If anyone has other images of wildlife they’ve been able to capture in, or near, their meadows, then do send them in to me with some accompanying notes, and I’ll try to include them in future posts. (If possible please try to limit photo sizes to a few hundred KBs maximum). Please email them to me, Julian: email@example.com
Finally, a mention of the possible merits of tree foliage and bark as a dietary component. After last year’s very heavy winter rains, we realised the importance of removing fallen branches from our stream. I know that some now favour the blockages that such debris causes, as a mans of slowing water flows. But it was shocking to see how much soil and land was “lost” downstream by an even minor obstruction shifting the stream’s course. yards of 4 foot high bank disappearing in a few days.
So this year, with all the wonderful dry late autumn days, I’ve already been down the banks and removed branches about to enter the water course. As in previous years we now leave them on the bank edges for a few weeks.
Why? Well very quickly our Tor Ddu sheep will strip off any remaining leaves and bark from many of the twigs and branches. The grass is not particularly short in these fields (compared with the norm for sheep grazed fields), so there is obviously a strong selective element in their behaviour. I assumed earlier that since many of the favoured branches are willows, that they might be deriving some advantage from the salysilic acid in the bark, which has aspirin like properties.
But it could be that there are additional nutritional benefits. Firstly the bark may be richer in trace minerals or micronutrients, pulled up by the tree’s root system from deeper in the subsoil, whereas the wet pasture’s grasses are likely to be deficient in such materials. (Cobalt and Selenium being possibilities). I’ve often thought that trees and also root vegetables must concentrate compounds with very good anti-fungal and antibacterial capabilities in their very outer cell layers, simply to keep rots away from the vital inner materials. Another possibility is that the tannin content in trees and bark has some beneficial action on ruminant function.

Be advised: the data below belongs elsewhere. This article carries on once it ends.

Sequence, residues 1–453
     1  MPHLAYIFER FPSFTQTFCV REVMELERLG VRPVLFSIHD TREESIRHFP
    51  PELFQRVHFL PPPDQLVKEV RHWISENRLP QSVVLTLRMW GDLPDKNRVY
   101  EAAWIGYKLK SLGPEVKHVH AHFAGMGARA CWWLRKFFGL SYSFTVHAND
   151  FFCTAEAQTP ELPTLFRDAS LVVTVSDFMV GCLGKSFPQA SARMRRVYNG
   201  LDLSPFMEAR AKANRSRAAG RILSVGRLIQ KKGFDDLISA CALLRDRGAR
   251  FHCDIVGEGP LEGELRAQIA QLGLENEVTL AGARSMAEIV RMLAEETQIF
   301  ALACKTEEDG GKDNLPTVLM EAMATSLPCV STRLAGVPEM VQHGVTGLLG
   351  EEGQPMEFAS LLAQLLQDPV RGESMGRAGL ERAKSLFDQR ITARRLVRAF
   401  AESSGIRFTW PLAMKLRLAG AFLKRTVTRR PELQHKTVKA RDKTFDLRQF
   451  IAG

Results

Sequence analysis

Here I’m struggling. Decades old tuition on the finer points of rumen physiology have long since left my brain, and anyway I guess a lot more is known about the processes than it was in my student days. But it is a very specialised and different means of supplying nutrition to that of many other mammals, involving complex bacterial breakdown of plant materials within the huge 4 stomach ruminant complex ( rumen, reticulum, omasum and abomasum).
I wonder how many other readers leave branches for stock to explore/ bark strip in this way? Obviously you have to be sure that there aren’t any potentially toxic trees involved, such as say Laburnum, but otherwise is it worth doing?
Obviously we, and our sheep, appear to think so, and a final benefit, if you’re planning on saving any of the bigger limbs for firewood or looking to burn the brush a bit quicker, is that with the bark ripped off it all tends to dry out much faster!